We can't ruin knockout bid by wallowing in self-pity, warns Grant
The final round of a Champions Cup pool stage throws up such manner of permutations over the course of the preceding week and again once the action gets under way that there are times when maths rather than English seems a more relevant skill for the watching media.
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Thankfully for Ulster, the scenario is relatively straightforward. Barring a hugely unlikely turn of events, the aim of a home quarter-final went with their hopes of victory in Clermont last weekend, yet their knockout destiny remains firmly in their own hands.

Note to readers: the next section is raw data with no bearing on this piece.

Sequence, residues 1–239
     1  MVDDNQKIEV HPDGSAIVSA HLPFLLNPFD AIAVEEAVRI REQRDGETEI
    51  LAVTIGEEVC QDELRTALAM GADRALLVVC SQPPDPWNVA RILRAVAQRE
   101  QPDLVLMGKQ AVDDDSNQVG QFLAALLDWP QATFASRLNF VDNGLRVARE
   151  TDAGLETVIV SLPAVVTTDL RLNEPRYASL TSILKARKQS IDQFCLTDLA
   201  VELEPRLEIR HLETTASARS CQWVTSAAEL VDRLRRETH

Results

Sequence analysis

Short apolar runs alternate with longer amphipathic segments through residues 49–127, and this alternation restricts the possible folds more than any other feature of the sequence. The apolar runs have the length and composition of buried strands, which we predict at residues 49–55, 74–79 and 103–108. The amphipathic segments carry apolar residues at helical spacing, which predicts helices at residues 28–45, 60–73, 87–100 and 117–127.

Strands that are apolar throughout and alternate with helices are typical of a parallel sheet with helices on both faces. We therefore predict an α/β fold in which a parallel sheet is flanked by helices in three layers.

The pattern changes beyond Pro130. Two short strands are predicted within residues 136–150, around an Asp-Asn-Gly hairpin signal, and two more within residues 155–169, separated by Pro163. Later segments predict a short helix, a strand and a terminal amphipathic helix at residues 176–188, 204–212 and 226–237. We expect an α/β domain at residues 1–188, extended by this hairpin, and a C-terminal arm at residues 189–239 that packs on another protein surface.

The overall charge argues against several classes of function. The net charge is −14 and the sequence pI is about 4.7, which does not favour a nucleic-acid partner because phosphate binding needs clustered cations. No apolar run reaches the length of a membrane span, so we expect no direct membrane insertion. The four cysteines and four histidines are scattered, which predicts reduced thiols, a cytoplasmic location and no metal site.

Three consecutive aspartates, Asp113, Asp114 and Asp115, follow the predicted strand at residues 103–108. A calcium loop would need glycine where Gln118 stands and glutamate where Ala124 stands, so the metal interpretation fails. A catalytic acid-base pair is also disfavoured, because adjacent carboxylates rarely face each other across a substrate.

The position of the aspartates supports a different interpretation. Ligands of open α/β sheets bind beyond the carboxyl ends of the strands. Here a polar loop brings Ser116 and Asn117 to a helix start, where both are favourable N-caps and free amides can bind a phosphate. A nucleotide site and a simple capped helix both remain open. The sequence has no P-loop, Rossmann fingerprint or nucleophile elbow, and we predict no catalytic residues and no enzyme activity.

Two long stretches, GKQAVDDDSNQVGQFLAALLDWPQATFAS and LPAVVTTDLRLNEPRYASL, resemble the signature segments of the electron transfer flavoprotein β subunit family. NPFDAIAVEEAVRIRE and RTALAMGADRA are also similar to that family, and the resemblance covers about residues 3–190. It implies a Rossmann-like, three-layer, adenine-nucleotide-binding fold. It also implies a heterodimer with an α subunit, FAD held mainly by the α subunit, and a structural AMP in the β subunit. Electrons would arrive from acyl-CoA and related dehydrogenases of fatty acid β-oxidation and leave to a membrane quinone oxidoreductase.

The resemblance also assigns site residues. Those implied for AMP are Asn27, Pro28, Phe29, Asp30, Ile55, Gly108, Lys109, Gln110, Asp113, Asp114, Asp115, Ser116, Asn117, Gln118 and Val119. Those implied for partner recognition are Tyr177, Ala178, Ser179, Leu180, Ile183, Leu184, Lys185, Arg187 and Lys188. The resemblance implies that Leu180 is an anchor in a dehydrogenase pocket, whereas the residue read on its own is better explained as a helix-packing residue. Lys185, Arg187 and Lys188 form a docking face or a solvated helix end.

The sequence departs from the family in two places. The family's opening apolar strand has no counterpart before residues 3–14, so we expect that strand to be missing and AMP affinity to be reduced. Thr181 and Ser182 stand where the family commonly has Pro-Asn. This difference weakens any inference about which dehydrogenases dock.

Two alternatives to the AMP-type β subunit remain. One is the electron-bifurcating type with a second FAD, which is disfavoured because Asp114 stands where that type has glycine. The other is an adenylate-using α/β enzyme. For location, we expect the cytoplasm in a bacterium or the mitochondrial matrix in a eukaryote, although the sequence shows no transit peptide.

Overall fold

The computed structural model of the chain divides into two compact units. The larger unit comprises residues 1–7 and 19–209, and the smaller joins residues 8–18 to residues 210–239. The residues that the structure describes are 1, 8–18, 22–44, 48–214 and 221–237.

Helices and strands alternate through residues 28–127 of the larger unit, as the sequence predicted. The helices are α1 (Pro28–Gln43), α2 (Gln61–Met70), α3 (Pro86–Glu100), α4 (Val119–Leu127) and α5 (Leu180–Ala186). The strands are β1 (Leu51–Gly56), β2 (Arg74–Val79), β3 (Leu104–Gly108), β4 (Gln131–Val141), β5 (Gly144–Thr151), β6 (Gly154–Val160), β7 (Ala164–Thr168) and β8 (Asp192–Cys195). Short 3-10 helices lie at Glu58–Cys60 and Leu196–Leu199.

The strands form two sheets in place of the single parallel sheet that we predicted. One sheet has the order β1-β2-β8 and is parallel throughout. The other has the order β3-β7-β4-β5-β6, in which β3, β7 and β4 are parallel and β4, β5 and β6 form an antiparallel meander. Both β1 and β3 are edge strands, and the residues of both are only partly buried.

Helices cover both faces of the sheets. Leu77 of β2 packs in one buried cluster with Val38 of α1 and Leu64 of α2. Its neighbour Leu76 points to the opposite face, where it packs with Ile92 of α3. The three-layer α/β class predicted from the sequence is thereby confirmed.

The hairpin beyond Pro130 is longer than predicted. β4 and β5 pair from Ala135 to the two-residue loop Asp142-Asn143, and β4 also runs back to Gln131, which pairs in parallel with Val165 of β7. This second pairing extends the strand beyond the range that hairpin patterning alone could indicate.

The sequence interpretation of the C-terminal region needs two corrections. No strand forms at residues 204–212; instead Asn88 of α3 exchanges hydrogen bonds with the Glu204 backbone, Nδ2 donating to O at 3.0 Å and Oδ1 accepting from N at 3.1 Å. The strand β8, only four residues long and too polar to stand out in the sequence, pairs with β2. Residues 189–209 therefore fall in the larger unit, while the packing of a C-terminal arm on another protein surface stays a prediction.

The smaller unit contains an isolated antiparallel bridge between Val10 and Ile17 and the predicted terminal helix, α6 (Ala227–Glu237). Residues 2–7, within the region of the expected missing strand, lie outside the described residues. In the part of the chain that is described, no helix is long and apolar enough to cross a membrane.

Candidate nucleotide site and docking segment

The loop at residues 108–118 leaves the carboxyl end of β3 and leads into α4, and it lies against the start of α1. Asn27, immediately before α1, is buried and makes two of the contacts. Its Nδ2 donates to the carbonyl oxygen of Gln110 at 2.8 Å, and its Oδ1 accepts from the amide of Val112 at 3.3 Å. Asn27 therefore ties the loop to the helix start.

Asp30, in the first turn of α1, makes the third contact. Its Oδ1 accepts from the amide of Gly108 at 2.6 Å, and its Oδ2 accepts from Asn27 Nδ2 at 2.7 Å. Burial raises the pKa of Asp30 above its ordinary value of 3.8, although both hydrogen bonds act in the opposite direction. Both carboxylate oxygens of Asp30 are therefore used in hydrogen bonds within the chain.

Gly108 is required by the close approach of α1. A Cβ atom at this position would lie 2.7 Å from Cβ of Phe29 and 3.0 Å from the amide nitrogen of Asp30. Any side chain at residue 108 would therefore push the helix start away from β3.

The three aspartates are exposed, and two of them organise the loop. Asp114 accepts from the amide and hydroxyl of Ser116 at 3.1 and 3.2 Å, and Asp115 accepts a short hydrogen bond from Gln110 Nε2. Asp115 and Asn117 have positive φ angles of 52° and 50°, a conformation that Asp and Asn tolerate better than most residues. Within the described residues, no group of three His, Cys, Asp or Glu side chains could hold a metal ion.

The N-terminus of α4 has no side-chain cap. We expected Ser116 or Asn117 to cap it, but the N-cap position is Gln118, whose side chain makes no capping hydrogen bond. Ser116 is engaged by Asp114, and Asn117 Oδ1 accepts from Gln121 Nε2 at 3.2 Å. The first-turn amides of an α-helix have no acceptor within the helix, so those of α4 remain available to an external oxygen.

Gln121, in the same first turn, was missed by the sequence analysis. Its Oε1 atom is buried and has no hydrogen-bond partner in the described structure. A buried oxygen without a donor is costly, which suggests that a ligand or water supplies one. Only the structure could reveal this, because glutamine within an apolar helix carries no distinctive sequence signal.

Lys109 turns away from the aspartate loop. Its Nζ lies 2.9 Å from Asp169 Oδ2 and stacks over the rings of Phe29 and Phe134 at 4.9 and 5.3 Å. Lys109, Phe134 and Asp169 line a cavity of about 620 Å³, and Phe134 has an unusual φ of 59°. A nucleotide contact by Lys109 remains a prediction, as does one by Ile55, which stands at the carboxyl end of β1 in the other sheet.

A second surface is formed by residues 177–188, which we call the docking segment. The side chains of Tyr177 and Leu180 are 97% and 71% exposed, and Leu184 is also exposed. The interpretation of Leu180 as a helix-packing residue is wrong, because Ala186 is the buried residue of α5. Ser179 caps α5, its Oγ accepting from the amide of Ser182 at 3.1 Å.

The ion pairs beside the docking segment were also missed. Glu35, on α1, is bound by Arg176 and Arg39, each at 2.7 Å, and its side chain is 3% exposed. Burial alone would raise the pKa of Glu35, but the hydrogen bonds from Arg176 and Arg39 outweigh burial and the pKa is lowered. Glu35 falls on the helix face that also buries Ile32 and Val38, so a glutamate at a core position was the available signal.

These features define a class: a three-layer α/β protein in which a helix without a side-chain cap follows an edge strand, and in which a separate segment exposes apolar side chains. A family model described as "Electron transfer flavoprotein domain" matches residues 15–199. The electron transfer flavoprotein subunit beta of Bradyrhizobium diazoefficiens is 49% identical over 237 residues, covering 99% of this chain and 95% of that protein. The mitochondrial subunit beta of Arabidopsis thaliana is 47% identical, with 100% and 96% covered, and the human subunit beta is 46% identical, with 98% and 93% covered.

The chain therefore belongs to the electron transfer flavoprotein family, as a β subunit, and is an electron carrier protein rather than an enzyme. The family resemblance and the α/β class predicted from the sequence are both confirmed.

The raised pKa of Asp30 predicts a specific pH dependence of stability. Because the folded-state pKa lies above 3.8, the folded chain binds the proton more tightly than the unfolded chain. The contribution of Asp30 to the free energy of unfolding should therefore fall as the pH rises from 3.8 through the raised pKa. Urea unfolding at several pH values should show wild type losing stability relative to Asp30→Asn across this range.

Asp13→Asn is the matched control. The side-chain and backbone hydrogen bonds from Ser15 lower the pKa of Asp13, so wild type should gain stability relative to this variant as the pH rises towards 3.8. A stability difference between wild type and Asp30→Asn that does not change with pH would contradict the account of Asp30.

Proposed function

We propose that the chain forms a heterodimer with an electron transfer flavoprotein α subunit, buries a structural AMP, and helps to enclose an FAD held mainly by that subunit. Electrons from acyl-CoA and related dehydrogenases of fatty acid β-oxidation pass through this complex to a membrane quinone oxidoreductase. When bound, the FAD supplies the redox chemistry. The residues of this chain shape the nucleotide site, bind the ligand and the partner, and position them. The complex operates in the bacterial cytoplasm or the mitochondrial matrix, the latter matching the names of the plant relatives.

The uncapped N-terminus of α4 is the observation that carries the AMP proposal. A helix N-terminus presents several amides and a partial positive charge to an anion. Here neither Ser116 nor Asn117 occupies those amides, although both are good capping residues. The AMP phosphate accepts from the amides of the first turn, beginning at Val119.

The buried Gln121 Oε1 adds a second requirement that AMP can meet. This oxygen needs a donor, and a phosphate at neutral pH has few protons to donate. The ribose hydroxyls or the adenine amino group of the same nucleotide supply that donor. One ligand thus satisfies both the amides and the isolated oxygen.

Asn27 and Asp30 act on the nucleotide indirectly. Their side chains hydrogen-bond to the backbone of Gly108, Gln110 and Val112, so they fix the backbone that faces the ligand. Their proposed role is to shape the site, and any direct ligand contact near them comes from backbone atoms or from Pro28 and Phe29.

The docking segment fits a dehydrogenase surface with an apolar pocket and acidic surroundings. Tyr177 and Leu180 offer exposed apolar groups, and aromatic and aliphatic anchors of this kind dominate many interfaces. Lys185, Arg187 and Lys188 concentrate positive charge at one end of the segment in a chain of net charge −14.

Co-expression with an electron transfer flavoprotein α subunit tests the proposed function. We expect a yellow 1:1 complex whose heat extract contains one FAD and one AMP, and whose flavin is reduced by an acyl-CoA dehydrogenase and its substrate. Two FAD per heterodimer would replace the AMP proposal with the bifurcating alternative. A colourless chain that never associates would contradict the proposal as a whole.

A win of any sort against Bath at home on Saturday afternoon (3.15pm kick-off) and they will go into the last-eight as the sixth seed regardless of what happens over the remainder of the weekend.
Their opponent will still very much need to be determined - in decreasing order of likelihood they could travel to Toulouse, Exeter, Racing 92 or even back to Clermont or Leinster - and, in the interest of covering all bases, there is a series of results that would see the northern province through regardless of their result.
For their own part, win and you're in is an easier approach.
Forwards coach Roddy Grant said: "It's a good place to be.
"It makes things straightforward in that we have to play well to win.
"We'll need to against a good Bath team, but it's in our hands and that's the way it's looking so that's what we'll be trying to do."